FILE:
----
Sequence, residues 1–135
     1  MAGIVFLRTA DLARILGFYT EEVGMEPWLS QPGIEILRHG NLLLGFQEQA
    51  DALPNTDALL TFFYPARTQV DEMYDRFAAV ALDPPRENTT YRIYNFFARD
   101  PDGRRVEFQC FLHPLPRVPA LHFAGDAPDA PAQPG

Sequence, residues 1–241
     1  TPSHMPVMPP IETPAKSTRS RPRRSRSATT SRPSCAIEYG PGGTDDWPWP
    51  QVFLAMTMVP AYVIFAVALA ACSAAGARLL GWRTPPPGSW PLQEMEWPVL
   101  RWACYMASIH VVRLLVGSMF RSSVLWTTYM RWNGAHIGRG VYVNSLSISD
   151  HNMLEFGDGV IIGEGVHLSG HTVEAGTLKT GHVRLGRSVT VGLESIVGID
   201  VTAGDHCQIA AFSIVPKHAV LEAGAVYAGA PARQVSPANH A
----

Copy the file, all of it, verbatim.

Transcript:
Sequence, residues 1–135
     1  MAGIVFLRTA DLARILGFYT EEVGMEPWLS QPGIEILRHG NLLLGFQEQA
    51  DALPNTDALL TFFYPARTQV DEMYDRFAAV ALDPPRENTT YRIYNFFARD
   101  PDGRRVEFQC FLHPLPRVPA LHFAGDAPDA PAQPG

Sequence, residues 1–241
     1  TPSHMPVMPP IETPAKSTRS RPRRSRSATT SRPSCAIEYG PGGTDDWPWP
    51  QVFLAMTMVP AYVIFAVALA ACSAAGARLL GWRTPPPGSW PLQEMEWPVL
   101  RWACYMASIH VVRLLVGSMF RSSVLWTTYM RWNGAHIGRG VYVNSLSISD
   151  HNMLEFGDGV IIGEGVHLSG HTVEAGTLKT GHVRLGRSVT VGLESIVGID
   201  VTAGDHCQIA AFSIVPKHAV LEAGAVYAGA PARQVSPANH A